Wednesday, January 27, 2010


11 Shvat, 5770

While doing some research on Tu b’Shvat, the New Year of Trees that’s coming up this Shabbat, I found an unbelievable teaching from the Talmud:

A tree that has lost its fruit due to illness, we paint it and place stones around it.
It’s obvious why we place stones around it - to strengthen the tree and weaken the sickness, but why paint it with paint? So that when people see it that will pray for love for the tree. This is like what it is taught about humans - that a person with leprosy must cry out, “unclean, unclean.” This person needs to make known her pain to the community, so that the community will pray for love for her.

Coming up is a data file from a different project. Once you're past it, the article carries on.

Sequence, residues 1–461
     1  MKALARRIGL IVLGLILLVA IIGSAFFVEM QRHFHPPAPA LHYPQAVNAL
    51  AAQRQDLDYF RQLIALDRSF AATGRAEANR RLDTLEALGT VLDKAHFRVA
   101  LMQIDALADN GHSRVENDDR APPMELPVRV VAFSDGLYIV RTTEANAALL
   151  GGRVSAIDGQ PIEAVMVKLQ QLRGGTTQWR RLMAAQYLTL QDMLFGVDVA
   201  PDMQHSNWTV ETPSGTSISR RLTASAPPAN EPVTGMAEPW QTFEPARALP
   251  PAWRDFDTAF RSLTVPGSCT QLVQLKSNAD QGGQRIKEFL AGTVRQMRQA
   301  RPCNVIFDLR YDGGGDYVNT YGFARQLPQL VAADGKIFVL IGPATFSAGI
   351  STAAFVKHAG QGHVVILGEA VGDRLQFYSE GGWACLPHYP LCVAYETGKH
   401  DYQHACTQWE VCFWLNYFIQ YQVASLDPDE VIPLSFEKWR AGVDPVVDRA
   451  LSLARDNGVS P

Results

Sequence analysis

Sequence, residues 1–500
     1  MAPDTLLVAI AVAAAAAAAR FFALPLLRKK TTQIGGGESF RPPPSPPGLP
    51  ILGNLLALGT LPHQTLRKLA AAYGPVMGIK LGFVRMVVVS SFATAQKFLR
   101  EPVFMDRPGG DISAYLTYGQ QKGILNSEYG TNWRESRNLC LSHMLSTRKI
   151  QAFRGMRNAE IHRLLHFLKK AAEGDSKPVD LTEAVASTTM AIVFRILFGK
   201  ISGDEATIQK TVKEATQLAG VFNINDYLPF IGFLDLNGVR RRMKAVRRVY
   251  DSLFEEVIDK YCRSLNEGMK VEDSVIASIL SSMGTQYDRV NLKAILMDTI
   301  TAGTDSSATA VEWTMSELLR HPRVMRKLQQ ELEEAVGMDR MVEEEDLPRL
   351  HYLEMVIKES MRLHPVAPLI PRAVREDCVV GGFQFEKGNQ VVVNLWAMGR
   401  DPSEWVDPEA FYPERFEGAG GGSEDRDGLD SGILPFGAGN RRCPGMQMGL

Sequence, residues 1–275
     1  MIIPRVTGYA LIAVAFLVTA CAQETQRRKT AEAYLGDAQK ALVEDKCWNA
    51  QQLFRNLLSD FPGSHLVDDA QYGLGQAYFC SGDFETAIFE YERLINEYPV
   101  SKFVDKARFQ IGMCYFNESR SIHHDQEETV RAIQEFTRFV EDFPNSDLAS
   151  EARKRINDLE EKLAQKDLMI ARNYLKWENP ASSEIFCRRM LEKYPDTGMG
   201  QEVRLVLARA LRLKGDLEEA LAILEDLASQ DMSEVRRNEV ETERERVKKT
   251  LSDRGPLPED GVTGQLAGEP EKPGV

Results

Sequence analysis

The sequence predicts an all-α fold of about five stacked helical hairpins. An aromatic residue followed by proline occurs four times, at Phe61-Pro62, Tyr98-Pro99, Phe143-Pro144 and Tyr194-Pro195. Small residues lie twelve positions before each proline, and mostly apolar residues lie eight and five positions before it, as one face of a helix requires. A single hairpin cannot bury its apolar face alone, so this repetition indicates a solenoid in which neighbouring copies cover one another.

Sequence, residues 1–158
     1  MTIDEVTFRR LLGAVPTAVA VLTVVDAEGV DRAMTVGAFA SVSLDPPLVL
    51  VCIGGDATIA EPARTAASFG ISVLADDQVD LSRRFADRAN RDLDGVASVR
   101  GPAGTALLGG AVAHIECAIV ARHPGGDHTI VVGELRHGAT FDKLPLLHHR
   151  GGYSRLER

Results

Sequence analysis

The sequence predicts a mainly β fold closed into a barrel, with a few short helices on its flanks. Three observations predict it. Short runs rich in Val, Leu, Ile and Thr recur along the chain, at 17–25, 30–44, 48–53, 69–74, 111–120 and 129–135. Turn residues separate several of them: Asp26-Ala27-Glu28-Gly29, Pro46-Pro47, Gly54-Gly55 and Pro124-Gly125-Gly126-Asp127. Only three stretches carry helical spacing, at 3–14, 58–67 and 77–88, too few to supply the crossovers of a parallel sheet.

Talmud Bavli, Masekhet Shabbat 67a

The hinge of this Torah is a crucial change in perspective. One could easily walk through this world understand the earth as massive, full of grandeur, forbidding and kind at the same time, but primarily as the cradle of human life, the only thing that we all truly own in common, and that which sustains us all.

But our activist Torah uses the tools of stones and paint to invert the equation. Marking leads to strengthening and praying; strengthening and praying changes the way we understand ourselves. We are not children, the beneficiaries of the parents. We are part of the parent itself.

My blessing this Tu b’Shvat is that we come to understand our true place in the scheme of the earth, and that this understanding alters the way we live.